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Getting the Consumer To Solve Banner Blindness

Several years ago usability guru Jakob Nielsen formally identified what marketers had quickly figured out: after a certain period of adjustment people's eyes skip over online ads. Nielsen called it banner blindness and the apt name has stuck. Possible remedies Nielsen said, were to focus on the three design elements most likely to attract people’s attention: plain text, faces, and "cleavage and other 'private' body parts." It also helps if the ad looks like a dialog box or a "native site component." (via Slate)

Solve Media may have struck on a possible solution using a twist of that latter piece of advice. The company has launched its so-called TYPE-IN advertising platform, which uses CAPTCHA authentication.

This is how it works: Instead of the hard-to-read jumble of words and numbers and phrases that great people when asked to prove that they are human and not an automated bot, the Solve Media platform shows them a simple logo, a brand message in quotes, and an input box. Users type in the brand message as authentication. Advertisers pay only for messages that have been both read and typed correctly. Engagement rates for TYPE-Ins have exceeded 40%, the company reports - compared with rates of 1% or less for typical online display ads.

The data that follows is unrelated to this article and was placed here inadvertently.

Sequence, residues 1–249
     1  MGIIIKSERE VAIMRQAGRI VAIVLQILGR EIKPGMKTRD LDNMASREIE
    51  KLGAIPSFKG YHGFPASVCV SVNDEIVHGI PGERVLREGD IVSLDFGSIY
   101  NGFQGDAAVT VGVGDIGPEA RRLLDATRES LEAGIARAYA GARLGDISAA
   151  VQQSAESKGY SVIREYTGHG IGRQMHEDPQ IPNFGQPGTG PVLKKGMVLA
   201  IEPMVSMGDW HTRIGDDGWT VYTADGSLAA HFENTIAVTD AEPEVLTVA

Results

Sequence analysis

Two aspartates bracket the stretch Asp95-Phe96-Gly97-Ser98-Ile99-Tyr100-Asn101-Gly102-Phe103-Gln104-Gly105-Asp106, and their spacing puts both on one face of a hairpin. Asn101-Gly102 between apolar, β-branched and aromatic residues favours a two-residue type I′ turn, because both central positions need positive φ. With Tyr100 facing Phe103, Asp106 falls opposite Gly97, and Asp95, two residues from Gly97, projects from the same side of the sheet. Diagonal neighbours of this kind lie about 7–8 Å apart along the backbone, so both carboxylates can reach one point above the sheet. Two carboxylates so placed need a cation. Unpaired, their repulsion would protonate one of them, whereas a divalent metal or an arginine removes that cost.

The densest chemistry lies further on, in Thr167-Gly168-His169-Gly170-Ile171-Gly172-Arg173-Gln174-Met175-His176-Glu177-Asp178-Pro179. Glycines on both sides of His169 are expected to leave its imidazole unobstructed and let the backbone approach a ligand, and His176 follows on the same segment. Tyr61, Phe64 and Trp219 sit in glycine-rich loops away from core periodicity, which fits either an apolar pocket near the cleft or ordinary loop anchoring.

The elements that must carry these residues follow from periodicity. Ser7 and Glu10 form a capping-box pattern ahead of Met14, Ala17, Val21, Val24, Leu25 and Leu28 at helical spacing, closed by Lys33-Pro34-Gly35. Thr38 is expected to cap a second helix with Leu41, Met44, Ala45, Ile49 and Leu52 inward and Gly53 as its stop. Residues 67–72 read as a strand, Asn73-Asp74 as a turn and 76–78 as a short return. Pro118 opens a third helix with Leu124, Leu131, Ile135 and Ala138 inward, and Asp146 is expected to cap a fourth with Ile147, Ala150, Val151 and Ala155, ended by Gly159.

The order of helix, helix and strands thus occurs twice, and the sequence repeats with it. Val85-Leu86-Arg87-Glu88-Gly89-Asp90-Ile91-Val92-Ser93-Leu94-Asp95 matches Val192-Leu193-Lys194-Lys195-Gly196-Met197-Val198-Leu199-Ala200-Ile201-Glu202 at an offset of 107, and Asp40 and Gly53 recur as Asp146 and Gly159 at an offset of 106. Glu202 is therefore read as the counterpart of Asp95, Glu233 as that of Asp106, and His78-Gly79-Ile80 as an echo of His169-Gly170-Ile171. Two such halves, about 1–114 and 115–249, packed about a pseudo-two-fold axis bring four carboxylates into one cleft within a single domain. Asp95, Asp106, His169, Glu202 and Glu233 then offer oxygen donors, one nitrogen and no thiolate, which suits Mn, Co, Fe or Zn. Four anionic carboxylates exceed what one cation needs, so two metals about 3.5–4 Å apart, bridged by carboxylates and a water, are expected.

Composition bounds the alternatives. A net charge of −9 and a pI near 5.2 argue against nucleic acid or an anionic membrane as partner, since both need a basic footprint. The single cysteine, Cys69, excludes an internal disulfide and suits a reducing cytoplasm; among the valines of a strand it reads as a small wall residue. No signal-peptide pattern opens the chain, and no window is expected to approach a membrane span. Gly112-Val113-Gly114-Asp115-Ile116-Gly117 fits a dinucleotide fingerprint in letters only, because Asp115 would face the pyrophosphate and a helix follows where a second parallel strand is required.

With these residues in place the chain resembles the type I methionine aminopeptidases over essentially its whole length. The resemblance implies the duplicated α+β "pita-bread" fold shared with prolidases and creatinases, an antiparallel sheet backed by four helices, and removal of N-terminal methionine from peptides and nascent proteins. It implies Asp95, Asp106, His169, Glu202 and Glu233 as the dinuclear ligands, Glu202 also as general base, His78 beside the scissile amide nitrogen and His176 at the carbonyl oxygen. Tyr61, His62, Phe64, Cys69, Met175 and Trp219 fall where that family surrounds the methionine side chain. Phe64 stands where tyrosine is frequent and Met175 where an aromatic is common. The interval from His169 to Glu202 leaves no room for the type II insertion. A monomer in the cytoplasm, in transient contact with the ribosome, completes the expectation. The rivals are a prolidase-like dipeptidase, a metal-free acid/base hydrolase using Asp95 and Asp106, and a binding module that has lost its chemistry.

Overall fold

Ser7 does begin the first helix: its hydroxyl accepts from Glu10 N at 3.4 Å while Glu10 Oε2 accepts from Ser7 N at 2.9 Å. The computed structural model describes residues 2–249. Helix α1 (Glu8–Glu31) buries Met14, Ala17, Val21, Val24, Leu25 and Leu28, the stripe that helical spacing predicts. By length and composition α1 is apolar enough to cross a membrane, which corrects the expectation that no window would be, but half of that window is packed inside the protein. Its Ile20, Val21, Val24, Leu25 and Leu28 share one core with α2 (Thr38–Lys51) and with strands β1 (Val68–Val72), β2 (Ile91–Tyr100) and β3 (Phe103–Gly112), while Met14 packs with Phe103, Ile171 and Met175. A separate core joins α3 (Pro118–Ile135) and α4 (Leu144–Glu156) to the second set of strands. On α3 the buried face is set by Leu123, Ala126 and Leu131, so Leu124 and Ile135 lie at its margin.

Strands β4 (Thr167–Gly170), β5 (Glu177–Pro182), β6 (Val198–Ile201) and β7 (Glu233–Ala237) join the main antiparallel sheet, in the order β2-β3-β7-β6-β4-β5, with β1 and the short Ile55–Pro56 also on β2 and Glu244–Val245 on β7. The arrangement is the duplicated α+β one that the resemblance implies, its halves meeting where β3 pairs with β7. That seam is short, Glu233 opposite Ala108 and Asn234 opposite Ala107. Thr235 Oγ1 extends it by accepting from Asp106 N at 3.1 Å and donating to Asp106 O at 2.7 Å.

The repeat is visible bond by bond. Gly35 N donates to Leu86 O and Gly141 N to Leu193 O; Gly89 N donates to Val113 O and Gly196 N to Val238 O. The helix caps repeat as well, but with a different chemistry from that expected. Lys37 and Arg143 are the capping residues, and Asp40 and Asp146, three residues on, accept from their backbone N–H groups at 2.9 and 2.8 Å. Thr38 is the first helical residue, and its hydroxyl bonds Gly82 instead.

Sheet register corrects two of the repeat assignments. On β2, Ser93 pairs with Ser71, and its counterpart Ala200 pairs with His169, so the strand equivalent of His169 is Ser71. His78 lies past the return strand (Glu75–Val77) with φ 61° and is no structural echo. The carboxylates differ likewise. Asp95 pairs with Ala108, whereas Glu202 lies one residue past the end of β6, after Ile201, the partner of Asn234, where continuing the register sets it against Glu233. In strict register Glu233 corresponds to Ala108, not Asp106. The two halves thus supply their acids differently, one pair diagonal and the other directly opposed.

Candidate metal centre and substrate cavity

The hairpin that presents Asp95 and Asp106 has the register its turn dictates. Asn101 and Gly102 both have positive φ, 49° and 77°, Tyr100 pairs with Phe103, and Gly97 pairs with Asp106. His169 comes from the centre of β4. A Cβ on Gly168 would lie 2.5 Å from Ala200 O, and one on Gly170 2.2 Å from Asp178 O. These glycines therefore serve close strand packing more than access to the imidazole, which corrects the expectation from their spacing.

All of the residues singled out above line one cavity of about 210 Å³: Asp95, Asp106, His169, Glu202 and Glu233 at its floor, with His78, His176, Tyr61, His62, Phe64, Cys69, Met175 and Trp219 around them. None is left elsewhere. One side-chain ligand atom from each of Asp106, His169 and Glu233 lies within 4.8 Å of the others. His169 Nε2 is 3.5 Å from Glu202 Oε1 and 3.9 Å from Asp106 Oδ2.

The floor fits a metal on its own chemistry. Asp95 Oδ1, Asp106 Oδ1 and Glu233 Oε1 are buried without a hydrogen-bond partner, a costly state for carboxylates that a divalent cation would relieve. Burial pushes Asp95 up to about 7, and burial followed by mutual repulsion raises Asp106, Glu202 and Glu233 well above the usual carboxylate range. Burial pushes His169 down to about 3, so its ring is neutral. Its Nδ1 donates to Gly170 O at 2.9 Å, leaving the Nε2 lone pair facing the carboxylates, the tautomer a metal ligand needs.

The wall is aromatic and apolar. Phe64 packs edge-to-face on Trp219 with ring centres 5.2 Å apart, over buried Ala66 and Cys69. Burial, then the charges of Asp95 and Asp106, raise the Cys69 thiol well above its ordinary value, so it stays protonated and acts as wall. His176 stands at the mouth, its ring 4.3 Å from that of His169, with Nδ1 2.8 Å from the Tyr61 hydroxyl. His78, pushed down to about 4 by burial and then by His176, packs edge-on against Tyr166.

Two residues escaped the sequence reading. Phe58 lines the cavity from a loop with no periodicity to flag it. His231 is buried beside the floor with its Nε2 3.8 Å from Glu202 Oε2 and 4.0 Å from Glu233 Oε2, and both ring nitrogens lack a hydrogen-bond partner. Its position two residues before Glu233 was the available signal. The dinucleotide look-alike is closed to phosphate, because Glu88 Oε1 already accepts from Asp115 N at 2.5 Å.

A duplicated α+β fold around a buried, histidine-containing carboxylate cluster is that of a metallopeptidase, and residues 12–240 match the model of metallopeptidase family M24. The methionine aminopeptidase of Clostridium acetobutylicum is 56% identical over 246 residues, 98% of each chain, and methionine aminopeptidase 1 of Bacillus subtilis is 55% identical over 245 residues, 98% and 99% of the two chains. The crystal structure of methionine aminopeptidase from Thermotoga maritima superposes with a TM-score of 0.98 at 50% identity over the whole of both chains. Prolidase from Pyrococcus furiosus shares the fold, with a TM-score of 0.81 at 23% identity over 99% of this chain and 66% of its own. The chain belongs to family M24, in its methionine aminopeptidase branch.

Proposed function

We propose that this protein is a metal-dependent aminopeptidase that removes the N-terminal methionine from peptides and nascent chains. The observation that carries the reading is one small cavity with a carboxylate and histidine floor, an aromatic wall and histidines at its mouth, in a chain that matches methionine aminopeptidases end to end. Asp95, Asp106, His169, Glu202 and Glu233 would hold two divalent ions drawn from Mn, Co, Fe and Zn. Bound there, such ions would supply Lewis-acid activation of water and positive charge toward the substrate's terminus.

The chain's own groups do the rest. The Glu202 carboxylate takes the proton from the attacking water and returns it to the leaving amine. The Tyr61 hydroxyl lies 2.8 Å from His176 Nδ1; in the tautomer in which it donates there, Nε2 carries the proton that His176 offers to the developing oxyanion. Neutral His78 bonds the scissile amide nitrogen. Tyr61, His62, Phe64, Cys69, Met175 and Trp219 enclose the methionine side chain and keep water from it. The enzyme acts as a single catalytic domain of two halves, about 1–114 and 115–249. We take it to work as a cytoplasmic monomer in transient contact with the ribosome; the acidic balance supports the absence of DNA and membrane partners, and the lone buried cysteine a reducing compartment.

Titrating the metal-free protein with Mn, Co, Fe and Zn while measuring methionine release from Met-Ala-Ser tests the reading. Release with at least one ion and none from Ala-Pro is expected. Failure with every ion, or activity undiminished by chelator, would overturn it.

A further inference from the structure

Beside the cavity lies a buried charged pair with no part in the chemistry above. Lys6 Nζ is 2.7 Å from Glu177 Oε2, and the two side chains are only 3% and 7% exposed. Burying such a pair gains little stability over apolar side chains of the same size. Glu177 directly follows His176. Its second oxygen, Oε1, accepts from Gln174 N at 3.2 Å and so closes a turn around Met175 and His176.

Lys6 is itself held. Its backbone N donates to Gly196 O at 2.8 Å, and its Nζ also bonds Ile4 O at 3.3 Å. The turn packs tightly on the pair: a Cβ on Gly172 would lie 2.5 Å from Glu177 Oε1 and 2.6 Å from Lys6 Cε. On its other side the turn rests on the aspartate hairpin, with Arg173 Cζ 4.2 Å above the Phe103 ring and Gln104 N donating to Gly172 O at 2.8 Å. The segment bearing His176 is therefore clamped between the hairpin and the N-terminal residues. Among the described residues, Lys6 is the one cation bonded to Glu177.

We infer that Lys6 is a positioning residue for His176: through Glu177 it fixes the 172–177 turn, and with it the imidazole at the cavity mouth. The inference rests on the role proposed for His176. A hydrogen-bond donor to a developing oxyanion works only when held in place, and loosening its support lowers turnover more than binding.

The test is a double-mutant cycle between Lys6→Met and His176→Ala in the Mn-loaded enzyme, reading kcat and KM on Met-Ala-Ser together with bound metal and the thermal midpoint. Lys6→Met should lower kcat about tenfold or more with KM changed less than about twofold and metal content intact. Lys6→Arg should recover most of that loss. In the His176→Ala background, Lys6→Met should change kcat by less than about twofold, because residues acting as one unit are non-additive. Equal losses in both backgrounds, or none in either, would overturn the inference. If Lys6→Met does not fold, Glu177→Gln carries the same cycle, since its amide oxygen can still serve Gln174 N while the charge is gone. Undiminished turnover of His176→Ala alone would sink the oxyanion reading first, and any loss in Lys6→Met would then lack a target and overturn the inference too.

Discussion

Toyota, Microsoft, Universal Pictures, AOL, Tribune, and Meredith Publishing are already using the system.  Toyota's ads, for example, will be going live this week with a message that asks Web users to type in the phrase "a million dollars an hour" - the amount Toyota spends on safety. (via the Wall Street Journal).  Solve charges a fee of about 25 cents to 50 cents for each form that is filled out using a Type-In ad, the Journal reports. The company splits its fees 50-50 with the websites where the ads are placed.


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